Remember a Defender of Liberty

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Americans pay ritual obeisance to liberty. But daily, they say "there ought to be a law" that restricts it. People reveal only the dimmest awareness of our founders' views on this central issue, and no knowledge of friends of freedom beyond our shores. That is unfortunate, since they offer much insight.

A prime example is Belgian-born philosopher/economist Gustave de Molinari, born March 3, nearly two centuries ago. He "defended peace, free trade, freedom of speech, freedom of association, and liberty in all its forms," according to one source. Molinari's touchstone was restricting government power to securing life, liberty and property. It is worth reflecting on his vision of a world where government sovereignty, enforced via coercion, is replaced with individual sovereignty — self-ownership.

"Society is heavily taxed in the increased costs which follow government appropriation of products and services naturally belonging to the sphere of private enterprise."

"[The enlarged] functions of the State…is the real explanation of the grossly inadequate performance of their first duty — protection of life and property of the individual."

"The sovereign power of governments over the life and property of the individual is, in fact, the sole fount and spring of militaryism, policy, and protection…"

"Government has abused its unlimited power over individual life and property…"

"However seriously he might be declared sovereign master of himself, his goods and life, the individual was still controlled by a power invested with rights which took precedence of his own…The sole possible remedy — to curtail this subjection with its priority of claims over those of the sovereignty of the individual…"

"[T]he progressive rise in taxation and expenditure which has occurred…must continue indefinitely for just so long as governments…maintain their right of unlimited requisition upon the life, liberty, and property of the individual."

"Government must confine itself to the naturally collective functions of providing external and internal security."

"[G]overnment should restrict itself to guaranteeing the security of its citizens…the freedom of labor and of trade should otherwise be whole and absolute."

"Sovereignty rests in the property of the individual over his person and goods and in the liberty of disposing of them…"

"Each individual sovereignty has its natural frontiers within which it may operate and outside of which it may not pass without violating other sovereignties. These natural limits must be recognized and guaranteed…such is the purpose of u2018government.'"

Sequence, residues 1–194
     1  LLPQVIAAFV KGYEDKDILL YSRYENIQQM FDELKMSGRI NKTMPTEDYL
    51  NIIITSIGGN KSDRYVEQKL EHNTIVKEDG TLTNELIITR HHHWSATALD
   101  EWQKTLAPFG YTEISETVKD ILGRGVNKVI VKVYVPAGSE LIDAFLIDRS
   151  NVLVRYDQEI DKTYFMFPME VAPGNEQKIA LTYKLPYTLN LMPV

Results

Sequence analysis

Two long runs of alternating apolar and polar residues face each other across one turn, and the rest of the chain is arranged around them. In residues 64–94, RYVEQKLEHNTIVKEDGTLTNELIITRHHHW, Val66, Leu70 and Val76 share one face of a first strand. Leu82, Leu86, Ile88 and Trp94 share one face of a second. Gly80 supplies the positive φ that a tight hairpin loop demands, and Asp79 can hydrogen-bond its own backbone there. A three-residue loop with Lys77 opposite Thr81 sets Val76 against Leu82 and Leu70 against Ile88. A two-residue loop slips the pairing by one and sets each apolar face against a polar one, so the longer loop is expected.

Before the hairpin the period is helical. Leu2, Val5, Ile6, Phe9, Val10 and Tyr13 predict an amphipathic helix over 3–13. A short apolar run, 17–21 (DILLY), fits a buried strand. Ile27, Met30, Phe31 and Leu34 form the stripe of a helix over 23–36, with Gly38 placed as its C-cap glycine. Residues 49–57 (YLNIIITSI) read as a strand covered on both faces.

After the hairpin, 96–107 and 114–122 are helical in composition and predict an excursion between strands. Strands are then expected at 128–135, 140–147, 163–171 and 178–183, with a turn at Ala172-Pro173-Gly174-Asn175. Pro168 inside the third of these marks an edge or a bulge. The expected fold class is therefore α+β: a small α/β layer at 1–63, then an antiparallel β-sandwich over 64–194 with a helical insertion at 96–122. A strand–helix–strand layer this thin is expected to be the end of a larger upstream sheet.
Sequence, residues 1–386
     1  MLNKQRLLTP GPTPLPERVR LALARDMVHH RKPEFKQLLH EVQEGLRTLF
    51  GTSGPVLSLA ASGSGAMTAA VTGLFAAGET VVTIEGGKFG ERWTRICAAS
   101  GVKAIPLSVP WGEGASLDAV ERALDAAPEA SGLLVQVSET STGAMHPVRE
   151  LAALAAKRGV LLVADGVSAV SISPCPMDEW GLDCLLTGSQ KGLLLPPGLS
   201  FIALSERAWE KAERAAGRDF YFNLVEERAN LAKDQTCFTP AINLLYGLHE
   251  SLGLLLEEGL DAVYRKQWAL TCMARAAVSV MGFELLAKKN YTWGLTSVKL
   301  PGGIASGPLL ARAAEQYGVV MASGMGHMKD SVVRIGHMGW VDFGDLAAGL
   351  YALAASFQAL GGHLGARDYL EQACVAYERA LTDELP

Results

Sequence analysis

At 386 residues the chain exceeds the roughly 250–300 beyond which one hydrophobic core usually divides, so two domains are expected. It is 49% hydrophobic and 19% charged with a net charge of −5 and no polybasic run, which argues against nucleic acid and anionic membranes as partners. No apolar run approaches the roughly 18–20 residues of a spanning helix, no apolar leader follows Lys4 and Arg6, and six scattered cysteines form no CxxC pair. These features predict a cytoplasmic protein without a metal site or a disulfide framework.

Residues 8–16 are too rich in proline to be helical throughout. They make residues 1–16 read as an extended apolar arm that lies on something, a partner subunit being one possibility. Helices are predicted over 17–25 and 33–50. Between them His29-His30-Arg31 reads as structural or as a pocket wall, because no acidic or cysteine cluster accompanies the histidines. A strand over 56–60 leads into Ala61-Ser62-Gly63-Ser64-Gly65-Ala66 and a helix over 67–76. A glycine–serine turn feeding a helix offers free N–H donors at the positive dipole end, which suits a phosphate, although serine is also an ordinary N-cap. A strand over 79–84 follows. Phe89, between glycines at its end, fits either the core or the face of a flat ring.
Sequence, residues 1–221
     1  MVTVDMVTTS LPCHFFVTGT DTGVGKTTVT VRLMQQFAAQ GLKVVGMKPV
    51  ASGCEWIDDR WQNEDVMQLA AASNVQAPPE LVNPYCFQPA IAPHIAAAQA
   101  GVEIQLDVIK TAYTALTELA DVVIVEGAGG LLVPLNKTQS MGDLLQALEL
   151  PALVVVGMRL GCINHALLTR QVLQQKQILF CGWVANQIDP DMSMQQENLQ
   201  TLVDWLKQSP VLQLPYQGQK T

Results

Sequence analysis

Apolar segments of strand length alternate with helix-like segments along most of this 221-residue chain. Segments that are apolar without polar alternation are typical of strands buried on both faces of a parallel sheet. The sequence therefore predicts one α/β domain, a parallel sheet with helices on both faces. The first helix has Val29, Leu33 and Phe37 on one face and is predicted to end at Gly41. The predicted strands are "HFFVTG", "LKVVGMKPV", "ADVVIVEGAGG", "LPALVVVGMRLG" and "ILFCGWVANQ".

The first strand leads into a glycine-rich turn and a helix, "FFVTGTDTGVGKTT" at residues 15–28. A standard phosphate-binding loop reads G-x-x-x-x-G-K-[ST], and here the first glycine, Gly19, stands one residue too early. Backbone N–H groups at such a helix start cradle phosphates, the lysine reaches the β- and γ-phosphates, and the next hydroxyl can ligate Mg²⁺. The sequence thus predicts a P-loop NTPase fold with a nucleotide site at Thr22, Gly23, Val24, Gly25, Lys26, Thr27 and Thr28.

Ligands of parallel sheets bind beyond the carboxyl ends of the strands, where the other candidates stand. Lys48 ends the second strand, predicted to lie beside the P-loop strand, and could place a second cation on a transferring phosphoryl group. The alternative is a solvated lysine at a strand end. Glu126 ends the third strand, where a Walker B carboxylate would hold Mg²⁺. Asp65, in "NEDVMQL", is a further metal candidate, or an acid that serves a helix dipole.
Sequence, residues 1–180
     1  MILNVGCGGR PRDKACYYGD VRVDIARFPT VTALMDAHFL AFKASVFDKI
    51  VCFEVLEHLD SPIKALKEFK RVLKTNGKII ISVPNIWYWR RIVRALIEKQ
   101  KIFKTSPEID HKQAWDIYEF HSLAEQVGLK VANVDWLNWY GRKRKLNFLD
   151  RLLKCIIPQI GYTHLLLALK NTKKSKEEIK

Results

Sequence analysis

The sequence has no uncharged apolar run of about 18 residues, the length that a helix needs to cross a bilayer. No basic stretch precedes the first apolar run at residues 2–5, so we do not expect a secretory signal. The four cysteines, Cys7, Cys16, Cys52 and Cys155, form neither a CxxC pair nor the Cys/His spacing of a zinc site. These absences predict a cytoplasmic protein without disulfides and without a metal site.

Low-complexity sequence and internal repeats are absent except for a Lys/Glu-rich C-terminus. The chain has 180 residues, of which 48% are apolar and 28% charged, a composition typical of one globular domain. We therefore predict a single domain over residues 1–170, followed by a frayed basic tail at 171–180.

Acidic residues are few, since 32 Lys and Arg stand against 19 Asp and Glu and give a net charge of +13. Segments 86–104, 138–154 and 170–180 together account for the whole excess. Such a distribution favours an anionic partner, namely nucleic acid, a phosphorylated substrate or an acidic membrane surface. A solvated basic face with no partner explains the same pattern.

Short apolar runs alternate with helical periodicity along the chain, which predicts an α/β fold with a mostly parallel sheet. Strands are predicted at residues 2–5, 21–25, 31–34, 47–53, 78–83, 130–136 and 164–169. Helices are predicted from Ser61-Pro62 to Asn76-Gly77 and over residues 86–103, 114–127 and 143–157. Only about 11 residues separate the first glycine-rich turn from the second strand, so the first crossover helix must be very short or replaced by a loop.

"The individual appropriates and possesses himself… This is liberty. Property and liberty are the two aspects or two constituents of sovereignty."

"[C]areful examination of the facts will decide the problem of government more and more in favor of liberty…"

"[P]rogress will be still better secured by measures extending the sphere of individual self-government…"

"…the ills [ascribed] to liberty — or, to use an absolutely equivalent expression, to free competition — do not originate in liberty, but in monopoly and restriction…a society truly free — a society relieved from all restriction, from all barriers…will be exempt from most of the ills, as we suffer them today…the organization of such a society will be the most just, the best, and the most favorable to the production and distribution of wealth that is attainable by mortal man."

"The true remedy for most evils is none other than liberty, unlimited and complete liberty, liberty in every field of human endeavor."

Gustave de Molinari learned of "the destructive apparatus of the civilized State" from France's 1848 Revolution. He saw that government's asserted "absolute right of requisition over individual life property and liberty" was the reason it has always been an abuser of people's natural rights. If it could be restricted to the sole mandate of providing security for life, liberty and property, its ubiquitous ham-handed intervention and interference would disappear. Far better would be the expansion of self-government — that is, liberty — enabling the growth of human potential and the human spirit. Our age, which has expanded rather than abandoned the restraints imposed on liberty, desperately needs to rediscover that insight and its implications.

March 3, 2008